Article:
Buoyed by the success of its initial nanostructured metal alloy coating for electrical connectors, Marlborough, Mass.-based Xtalic is building on the MIT-initiated nanostructuring techniques to market a replacement for gold known as LUNA and to develop nanostructured aluminum alloys.
More than 4 billion parts have been made using the nickel-tungsten coating developed in the Schuh group at MIT, and Xtalic counts the top 20 Fortune 1000 electronics companies as customers. MIT Department of Materials Science and Engineering head Christopher A. Schuh is Xtalic's chief scientist. Former Schuh group postdoctoral associate Alan Lund serves as Xtalic's Chief Technology Officer.
"After we worked with the XTRONIC material, which really was first developed at MIT and was brought to Xtalic, our customers began asking is there a way you could develop a gold replacement product," Xtalic chief executive officer Thomas Clay says. "So we began work at Xtalic under Chris' guidance and developed the LUNA alloy."
Xtalic has tested the LUNA gold substitute, and the next step is for potential customers to conduct their own production and reliability tests. "Right now we are stepping into making real production parts with this material, which is exciting," Clay says. "We've got some really good customers looking at this in a big way, so it'll be a very exciting product." He expects customers to see LUNA in products they buy towards the end of next year.
A former Schuh graduate student, Shiyun Ruan is directing product development on nanostructured aluminum, which has received funding from the Institute for Soldier Nanotechnology at MIT, the U.S. Department of Energy, and commercial partners. "It's very promising, and we have a substantial team working on it," Clay says. A team of about 10 is engaged in developing the technology, which also is licensed from MIT.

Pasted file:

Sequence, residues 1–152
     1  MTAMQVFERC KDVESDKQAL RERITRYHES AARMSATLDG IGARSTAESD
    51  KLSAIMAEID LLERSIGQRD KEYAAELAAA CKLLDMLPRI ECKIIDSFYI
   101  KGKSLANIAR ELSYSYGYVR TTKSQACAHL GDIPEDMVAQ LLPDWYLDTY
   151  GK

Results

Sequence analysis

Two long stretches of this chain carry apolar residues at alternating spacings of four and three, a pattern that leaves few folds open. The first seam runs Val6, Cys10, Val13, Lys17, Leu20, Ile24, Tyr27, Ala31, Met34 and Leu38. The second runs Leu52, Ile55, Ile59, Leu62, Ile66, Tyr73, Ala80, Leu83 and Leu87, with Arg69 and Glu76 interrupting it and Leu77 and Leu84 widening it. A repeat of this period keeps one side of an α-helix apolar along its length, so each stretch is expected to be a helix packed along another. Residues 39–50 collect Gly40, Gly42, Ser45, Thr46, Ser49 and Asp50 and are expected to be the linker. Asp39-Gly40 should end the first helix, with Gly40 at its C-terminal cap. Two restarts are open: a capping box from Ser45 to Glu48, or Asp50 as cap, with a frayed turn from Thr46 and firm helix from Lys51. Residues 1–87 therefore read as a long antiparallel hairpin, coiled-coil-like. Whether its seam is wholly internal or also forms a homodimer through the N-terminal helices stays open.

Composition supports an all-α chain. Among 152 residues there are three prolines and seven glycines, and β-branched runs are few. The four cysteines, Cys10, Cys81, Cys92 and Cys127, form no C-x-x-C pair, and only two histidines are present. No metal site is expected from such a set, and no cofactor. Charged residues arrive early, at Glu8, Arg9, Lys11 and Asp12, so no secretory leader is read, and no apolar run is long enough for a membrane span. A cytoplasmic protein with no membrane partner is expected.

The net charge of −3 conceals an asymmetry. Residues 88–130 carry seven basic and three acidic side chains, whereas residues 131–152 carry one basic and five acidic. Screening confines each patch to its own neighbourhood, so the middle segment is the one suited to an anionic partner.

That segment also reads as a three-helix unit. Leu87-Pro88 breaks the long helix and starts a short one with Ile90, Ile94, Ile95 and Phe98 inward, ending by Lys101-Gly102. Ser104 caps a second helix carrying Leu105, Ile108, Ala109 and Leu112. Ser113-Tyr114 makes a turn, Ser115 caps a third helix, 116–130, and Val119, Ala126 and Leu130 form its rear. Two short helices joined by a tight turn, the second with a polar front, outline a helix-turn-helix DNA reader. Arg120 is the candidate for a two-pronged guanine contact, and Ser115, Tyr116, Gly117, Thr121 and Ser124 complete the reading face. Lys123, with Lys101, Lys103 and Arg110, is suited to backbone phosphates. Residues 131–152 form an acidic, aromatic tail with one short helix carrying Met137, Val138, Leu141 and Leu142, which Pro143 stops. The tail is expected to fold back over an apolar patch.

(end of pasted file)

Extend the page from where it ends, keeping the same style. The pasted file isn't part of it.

As chief scientist, Schuh spends a half-day to a day a week working with Xtalic, giving direction and coaching on new, early stage products, Clay explains. "Chris has a big vision and the vision is to really upgrade the material sets that we build things out of. We're a part of that, and we are commercializing the first nanostructured alloys with these really impressive material property sets. I would say the association with Chris has been tremendous, and the relationship with MIT has been great. We're happy to be part of really changing what the world builds things out of,"
Clay previously served as CEO of another MIT spinoff, Z Corp., which was acquired by 3D Systems Corp. in January 2012. Xtalic is funded by Matrix Partners and Northbridge Venture Partners. The company has a healthy revenue base in its XTRONIC product line but also continues to invest heavily in LUNA the other technologies, Clay says.